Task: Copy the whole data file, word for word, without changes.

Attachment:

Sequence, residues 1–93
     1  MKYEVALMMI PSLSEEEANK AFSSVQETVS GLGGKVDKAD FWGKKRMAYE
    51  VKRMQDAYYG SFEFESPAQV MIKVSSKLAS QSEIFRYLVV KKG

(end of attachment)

Sequence, residues 1–93
     1  MKYEVALMMI PSLSEEEANK AFSSVQETVS GLGGKVDKAD FWGKKRMAYE
    51  VKRMQDAYYG SFEFESPAQV MIKVSSKLAS QSEIFRYLVV KKG